The Electric Cinema - The Electric Cinema
Louise Evans 17/04/2007
The Electric Cinema's self-titled debut album follows on the heels of two critically well received singles. The Watford quartet, comprised of siblings Dan and Rebecca Neale and their friends Martin Gear and Jamie Oram, opted to record and mix the album in the homes of various band and family members to keep the atmosphere personal and warm.
The band's aim appears to have been to fuse warm indie-pop with gentle yet melodic electronica, and on a few songs this works well. 'Monday Morning Radio' features strong drums and keyboards, and builds up incorporating both single and multiple layer vocals shot through with emotion. The album's best song 'Heat Exchange' builds up a multitude of electronic noises, swirling synth lines and male and female vocals culminating in a simple yet singalong chorus which is employed to its full extent to give a rousing final section of the song. Elsewhere The Electric Cinema take things down a notch and go for a gentler sound with fewer electronic noises. 'Forecast For Tomorrow' features softer guitars, drums and keyboards resulting in a more fragile downbeat atmosphere. 'So Hello/Goodbye' has a much sparse feel with a trembling synth track, rolling drums and lots of vocals.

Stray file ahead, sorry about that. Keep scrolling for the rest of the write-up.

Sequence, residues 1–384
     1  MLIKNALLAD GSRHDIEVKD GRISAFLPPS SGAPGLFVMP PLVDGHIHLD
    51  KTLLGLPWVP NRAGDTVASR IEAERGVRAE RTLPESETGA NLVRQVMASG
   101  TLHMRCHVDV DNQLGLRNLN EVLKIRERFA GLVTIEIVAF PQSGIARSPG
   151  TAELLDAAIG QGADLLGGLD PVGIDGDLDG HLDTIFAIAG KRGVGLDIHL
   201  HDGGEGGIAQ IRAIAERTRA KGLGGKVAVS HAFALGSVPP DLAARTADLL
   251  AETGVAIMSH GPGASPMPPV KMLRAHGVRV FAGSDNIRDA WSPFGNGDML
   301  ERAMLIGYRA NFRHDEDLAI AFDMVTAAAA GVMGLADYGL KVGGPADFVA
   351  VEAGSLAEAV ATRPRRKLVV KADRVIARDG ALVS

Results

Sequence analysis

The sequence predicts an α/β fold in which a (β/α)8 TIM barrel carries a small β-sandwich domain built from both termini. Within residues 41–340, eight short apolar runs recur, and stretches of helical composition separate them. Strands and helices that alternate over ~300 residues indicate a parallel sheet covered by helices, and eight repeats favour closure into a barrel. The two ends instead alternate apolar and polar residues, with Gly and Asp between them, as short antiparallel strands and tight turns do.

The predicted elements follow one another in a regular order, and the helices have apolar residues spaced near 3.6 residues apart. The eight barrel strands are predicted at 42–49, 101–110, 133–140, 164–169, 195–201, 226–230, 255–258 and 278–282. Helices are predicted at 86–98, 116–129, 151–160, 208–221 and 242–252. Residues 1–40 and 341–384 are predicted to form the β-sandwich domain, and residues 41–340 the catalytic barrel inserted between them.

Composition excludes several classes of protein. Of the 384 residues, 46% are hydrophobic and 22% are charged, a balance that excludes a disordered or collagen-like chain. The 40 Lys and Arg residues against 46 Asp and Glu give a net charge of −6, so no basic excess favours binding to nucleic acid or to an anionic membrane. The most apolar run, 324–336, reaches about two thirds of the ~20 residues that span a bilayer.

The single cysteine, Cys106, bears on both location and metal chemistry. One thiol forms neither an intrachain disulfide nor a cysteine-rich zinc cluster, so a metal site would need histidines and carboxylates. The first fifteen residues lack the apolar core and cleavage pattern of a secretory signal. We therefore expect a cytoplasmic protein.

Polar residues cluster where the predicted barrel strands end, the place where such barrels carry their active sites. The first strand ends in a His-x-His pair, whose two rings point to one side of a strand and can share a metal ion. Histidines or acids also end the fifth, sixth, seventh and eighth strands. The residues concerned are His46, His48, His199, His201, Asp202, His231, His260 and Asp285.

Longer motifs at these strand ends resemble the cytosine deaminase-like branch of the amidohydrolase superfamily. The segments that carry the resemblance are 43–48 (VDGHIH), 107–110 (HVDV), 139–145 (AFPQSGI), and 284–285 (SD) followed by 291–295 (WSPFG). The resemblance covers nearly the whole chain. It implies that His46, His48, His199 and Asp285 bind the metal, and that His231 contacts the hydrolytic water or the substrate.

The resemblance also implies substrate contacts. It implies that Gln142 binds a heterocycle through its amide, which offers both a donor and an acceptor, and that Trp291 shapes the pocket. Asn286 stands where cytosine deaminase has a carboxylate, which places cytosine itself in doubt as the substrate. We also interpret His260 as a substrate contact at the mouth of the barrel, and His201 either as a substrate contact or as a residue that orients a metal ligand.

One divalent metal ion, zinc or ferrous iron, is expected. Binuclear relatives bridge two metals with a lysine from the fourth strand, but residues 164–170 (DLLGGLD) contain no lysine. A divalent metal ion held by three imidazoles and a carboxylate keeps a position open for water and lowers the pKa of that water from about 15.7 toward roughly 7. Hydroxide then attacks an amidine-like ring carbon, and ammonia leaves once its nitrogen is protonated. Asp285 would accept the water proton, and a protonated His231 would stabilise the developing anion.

Other tracks follow similar formulas yet fail to implement all the elements fully. Previous single 'Cut Down' employs the same combination of wailing electronics, keyboards, guitars and drums alongside layers of vocals which all build as the song goes on. However here the song never really breaks out, it feels as if the band are holding back when the song should be soaring. Likewise 'Your Manga Eye' builds up the layers of instruments and the intensity particularly for the chorus, however the energy of song seems a little low meaning it never really gets off the ground.
There are moments on this debut which indicate what The Electric Cinema are capable of, yet taken as a whole it feels like something is missing. Songs build and swell with increasing intensity but fail to capitalise on this so they never break out to soar to the heights they hint at. In general the emotions suggested in the songs don't quite ring true, there are traces of them present but they can't truly connect. This album just seems slightly lacking.